Refusing to use a common template engine

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As the title says, I refuse to use a common template engine. I have my reasons, so instead of doing this:

<li><a href = "#">test</a>

I do this:

function listBlock($array){
echo '<ul>';
foreach($array as $foo){
echo '<li' . $foo['args'] . '>' . '<a href = "'' . $foo['link] . '"'>' . $foo['text'] . </li>';
echo '</ul>'

// now we'd call listBlock($myarray)

My question is quite simple… as I’m actually developing my own custom framework, I know it’s a bit difficult to maintain this code, but it works great. Is this a good practice?


Answer courtesy of JC

In MVC Frameworks, you will often find this question answered a multitude of ways. Here are two principles that I attempt to live by, with regards to this.

  1. Separate business logic from presentation logic. If the function in question takes input from another source, and simply does some formatting on it, then it is similar to the view helpers used in most MVC frameworks, and thus is separated from any business logic that processed the input to the function. However, if the function itself is doing logic based upon its input to determine other things about the data, other then simply how to display it, you wind up with a situation where if you have more then one case down the road, this function will begin to grow substantially, and eventually may become impossible to understand, or inefficient.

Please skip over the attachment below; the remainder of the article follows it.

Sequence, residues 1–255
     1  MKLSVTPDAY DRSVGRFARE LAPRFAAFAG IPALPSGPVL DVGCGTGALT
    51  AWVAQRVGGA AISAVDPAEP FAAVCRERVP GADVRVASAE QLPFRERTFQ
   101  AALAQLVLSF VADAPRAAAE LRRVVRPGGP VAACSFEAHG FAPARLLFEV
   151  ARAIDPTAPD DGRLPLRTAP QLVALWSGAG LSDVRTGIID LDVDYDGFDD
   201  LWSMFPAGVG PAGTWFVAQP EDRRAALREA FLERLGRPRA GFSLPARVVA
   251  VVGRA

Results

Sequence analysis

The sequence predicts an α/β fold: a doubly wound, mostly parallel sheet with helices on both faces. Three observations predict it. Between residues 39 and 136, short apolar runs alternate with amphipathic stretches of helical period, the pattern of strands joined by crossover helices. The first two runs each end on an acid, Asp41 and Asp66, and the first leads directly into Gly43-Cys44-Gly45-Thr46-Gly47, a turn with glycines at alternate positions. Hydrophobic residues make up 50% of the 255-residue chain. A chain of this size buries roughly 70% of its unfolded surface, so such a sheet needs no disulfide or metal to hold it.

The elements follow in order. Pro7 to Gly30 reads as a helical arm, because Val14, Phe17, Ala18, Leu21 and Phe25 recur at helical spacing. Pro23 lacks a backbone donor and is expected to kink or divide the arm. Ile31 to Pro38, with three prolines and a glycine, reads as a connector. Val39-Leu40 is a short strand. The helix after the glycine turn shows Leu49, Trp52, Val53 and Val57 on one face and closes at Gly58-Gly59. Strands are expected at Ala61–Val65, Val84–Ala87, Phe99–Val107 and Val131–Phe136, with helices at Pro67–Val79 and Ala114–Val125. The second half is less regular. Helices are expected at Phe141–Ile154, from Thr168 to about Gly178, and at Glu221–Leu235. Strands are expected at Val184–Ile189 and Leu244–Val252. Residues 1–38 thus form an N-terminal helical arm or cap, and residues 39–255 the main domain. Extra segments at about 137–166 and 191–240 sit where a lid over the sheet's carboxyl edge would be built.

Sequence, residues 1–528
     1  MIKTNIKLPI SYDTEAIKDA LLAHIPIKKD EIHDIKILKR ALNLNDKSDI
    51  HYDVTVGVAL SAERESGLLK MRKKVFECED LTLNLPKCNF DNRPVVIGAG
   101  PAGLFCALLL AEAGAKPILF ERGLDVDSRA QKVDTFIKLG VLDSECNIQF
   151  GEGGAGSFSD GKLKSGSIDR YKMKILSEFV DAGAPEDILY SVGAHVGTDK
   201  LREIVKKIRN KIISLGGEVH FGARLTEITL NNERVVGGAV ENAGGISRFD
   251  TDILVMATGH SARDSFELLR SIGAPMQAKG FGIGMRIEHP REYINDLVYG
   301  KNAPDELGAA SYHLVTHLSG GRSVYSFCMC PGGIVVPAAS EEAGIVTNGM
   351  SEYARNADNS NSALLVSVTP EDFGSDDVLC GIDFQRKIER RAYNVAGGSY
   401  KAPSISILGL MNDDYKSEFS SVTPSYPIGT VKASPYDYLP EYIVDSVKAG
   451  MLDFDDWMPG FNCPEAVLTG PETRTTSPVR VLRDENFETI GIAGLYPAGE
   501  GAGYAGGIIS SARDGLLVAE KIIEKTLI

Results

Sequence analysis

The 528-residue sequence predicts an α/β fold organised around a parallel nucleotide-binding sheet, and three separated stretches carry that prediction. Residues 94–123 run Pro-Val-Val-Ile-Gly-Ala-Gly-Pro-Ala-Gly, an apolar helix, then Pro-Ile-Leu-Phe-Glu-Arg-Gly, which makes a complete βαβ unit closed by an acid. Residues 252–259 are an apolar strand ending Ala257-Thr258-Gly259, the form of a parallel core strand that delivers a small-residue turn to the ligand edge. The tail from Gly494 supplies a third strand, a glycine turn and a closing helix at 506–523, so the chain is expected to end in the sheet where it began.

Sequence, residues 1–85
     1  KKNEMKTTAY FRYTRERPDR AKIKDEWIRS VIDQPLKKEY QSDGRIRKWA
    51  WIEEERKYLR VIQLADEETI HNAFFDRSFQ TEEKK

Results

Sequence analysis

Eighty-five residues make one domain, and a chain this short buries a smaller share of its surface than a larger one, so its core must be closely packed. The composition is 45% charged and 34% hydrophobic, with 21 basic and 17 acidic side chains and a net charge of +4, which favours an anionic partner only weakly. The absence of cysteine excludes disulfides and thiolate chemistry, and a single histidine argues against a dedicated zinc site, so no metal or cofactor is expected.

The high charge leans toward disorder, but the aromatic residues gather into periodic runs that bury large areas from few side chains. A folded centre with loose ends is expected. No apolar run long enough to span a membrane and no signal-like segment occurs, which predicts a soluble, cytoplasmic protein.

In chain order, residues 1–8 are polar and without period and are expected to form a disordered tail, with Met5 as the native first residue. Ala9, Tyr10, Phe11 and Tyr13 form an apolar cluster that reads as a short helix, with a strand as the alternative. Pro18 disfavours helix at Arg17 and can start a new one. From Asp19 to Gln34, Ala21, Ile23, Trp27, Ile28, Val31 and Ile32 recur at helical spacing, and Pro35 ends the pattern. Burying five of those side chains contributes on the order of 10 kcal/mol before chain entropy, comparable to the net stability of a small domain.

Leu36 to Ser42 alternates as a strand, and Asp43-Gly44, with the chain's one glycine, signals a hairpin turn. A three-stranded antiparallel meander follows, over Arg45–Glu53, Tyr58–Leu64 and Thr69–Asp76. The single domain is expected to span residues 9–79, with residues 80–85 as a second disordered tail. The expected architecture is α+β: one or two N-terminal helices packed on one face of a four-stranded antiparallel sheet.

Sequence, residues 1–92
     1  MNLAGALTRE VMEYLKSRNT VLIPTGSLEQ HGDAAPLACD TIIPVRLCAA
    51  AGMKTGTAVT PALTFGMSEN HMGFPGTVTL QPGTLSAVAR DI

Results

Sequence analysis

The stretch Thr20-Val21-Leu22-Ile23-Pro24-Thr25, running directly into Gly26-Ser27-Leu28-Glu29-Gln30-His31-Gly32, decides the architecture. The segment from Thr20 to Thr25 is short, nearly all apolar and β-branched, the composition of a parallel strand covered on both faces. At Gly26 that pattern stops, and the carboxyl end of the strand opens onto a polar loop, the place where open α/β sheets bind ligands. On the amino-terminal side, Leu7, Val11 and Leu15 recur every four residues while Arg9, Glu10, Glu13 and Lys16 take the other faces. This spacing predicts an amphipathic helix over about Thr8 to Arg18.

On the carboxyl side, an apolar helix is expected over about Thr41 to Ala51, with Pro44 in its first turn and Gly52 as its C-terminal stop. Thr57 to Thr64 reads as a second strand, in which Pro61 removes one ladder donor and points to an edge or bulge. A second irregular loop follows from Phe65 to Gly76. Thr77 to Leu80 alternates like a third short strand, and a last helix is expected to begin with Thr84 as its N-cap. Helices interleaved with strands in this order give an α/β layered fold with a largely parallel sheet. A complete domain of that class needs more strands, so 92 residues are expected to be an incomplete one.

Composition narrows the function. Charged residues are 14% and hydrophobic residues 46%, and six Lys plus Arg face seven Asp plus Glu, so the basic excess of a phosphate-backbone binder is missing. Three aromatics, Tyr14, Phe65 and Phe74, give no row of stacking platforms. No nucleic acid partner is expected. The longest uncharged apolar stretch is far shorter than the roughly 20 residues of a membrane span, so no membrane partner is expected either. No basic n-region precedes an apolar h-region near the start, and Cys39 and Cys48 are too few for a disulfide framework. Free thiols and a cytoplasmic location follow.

2. Data processed by the system should be usable in many forms. If your data might be needed for other uses, beyond display, then you may later on find yourself having to refactor, or even duplicate the code, when you realize that you need ‘Ted Developer’ in ‘Developer, Ted’, ‘Ted Developer’ and ‘Ted’ forms, and your function only returns one of the three.

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